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Owner of Colorado Car Dealership and Two Associates Arrested for Structuring and Money Laundering

MAR 06 (DENVER) – Raul Mendoza, 48, Julia Castillo-Caraveo,  28, both of Denver, Colorado, and Isidro Noe Mendoza-Ortiz, 25, of Thornton, Colorado, were arrested on March 5, 2013 for structuring and money laundering, the United States Attorney’s Office, Drug Enforcement Administration (DEA), IRS Criminal Investigation, and the Department of Homeland Security (HSI) announced.  All three defendants were named in a sealed indictment returned by a federal grand jury in Denver on February 14, 2013.  In addition to making the three arrests, agents and officers executed search warrants at a residence and an automobile business.  Twenty vehicles were seized during the searches.

According to the indictment, beginning in February 2008, and continuing through May 2012, Raul Mendoza and Isidro Noe Mendoza-Ortiz conspired with each other and others to structure currency (the depositing of just under $10,000) by depositing money with the intent to evade the reporting requirements as required by law.  Daily cash receipts from the business, Chopeque Auto Sales, which is owned by Mendoza, were structured into separate accounts at various banks to avoid the $10,000 reporting requirements.  From February 26, 2008 through May 29, 2012, they structured more than 700 deposits totaling $4,543,714.

As part of the conspiracy, on June 4, 2011, Mendoza, Mendoza-Ortiz, and Julia Castillo-Caraveo knowingly caused Chopeque Auto Sales, a non-financial trade or business, to fail to file a Federal IRS Form 8300, a report required by law for all currency transactions over $10,000 received by a business.  Specifically, they sold a 2004 Dodge Ram 1500 for $10,500 that was represented by undercover law enforcement officers to be the proceeds of a specified unlawful activity (drug distribution), and they did so with the intent to conceal the nature of the proceeds of the specified unlawful activity and to avoid IRS Form 8300 reporting requirements.  On March 8, 2012, Mendoza and Castillo-Caraveo followed a similar pattern and sold a 2008 Chevrolet Silverado 1500 in exchange for $20,900 that was represented by undercover law enforcement officers to be the proceeds of a specified unlawful activity (drug distribution).  Again, no IRS Form 8300 was filed. 

The defendants conspired to conceal the nature and source of the specified unlawful activity and attempted to launder drug proceeds.  Chopeque Auto Sales sold automobiles to known drug dealers, prepared false documents relating to the sale of vehicles to known drug dealers, structured currency deposits to conceal the source, and falsely claimed to law enforcement authorities to be a valid lien holder of a seized vehicle in order to assist a known drug dealer in seeking the return of the vehicle.  Upon conviction of the offenses above, they shall forfeit to the United States the rights, titles, and interests in all property, real or personal, involved in such offenses, or all proceeds traceable to such property, for which the defendants are joint and severally liable.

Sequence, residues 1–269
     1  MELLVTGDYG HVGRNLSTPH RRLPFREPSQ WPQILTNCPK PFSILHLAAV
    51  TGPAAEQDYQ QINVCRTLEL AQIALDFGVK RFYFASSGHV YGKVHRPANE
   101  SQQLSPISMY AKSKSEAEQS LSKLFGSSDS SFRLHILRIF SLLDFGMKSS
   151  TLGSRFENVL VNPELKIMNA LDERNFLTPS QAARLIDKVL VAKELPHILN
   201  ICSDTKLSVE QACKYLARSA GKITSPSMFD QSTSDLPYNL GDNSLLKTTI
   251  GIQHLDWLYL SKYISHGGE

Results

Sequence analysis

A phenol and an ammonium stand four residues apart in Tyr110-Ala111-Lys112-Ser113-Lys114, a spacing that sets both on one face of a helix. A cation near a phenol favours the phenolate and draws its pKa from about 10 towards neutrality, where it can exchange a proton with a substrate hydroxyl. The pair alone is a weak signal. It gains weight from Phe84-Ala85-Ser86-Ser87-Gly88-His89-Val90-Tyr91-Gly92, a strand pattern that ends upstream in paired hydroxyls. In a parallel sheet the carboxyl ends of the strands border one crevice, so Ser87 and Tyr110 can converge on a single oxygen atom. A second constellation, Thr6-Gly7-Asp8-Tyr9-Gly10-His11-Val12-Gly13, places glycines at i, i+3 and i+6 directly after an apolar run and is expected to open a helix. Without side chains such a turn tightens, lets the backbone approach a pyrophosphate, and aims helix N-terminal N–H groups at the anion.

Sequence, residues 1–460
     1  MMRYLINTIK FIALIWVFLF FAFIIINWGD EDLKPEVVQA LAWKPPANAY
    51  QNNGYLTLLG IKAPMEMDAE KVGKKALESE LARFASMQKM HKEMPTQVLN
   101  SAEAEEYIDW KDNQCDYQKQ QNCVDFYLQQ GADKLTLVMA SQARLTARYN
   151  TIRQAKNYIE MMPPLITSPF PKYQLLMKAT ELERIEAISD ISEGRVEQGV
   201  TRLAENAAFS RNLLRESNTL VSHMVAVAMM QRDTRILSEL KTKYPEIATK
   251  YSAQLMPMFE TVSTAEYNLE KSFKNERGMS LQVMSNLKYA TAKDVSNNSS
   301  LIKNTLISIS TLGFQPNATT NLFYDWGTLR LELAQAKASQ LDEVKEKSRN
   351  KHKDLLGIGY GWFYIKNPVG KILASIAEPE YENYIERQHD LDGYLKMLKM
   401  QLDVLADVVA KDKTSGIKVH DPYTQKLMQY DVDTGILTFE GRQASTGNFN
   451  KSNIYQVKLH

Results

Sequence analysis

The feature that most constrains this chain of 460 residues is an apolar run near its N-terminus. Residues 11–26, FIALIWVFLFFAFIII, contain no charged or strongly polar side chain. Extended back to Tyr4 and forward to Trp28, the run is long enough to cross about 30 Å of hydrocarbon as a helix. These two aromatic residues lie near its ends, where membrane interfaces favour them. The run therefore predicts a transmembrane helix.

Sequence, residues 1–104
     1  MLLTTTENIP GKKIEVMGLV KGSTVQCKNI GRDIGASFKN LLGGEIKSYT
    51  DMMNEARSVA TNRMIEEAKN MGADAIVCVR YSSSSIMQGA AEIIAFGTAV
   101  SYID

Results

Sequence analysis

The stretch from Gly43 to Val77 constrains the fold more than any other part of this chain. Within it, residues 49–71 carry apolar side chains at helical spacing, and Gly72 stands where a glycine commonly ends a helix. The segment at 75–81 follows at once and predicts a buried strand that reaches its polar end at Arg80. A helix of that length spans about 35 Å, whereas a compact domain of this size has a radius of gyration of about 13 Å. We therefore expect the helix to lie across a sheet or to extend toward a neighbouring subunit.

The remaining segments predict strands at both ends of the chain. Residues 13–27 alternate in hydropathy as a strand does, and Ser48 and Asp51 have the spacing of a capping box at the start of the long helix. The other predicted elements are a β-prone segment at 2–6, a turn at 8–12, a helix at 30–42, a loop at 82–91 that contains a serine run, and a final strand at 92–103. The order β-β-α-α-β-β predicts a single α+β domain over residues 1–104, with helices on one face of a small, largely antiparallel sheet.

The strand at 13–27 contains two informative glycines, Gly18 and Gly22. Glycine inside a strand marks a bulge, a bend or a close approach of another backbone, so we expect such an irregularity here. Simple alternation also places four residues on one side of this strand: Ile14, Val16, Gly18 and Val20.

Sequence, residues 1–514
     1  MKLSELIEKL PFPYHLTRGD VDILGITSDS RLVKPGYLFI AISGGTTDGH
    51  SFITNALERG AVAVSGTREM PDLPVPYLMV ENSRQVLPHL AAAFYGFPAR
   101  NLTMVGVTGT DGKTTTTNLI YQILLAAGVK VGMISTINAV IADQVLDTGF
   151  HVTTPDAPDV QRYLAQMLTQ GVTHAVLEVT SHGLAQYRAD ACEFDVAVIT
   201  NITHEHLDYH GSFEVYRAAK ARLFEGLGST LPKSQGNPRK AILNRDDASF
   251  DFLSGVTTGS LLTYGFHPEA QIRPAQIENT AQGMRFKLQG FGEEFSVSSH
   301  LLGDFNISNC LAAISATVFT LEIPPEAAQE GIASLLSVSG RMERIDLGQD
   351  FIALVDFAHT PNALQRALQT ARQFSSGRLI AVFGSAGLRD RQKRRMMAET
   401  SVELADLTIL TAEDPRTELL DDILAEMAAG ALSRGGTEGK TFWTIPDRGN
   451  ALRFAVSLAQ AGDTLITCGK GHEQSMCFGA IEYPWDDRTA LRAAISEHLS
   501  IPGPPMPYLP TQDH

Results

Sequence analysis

“Working with our federal, state and local law enforcement partners, we were able to uncover a sophisticated scheme where the defendants hid drug dealing proceeds by laundering the money through the sale of automobiles,” said U.S. Attorney John Walsh.

“I applaud the fine work of the investigators and prosecutors who used very innovative techniques to shut down this financial conspiracy facilitating illicit drug trafficking organizations,” said DEA Denver Field Division Special Agent in Charge Barbra Roach.

“Helping drug dealers launder drug money is unacceptable and illegal.  IRS CI will work with our law enforcement partners to ensure those who do are brought to justice,” said Stephen Boyd, Special Agent in Charge, IRS Criminal Investigation, Denver Field Office.

Mendoza was charged with three counts of structuring and three counts of money laundering.  Castillo-Caraveo was charged with two counts of structuring and three counts of money laundering.  Mendoza-Ortiz was charged with two counts of structuring and two counts of money laundering.  If convicted, each count of structuring and money laundering carries a penalty of not more than 10 years in federal prison, and a fine of up to $500,000. 

This case was investigated by agents with the Drug Enforcement Administration, IRS-Criminal Investigation (IRS-CI), and the Department of Homeland Security.  In addition, the Denver Police Department, Commerce City Police Department, Thornton Police Department, and Department of Revenue – Auto Industry Division assisted in the execution of the warrants. 

The charges contained in the indictment are allegations, and the defendants are presumed innocent unless and until proven guilty.

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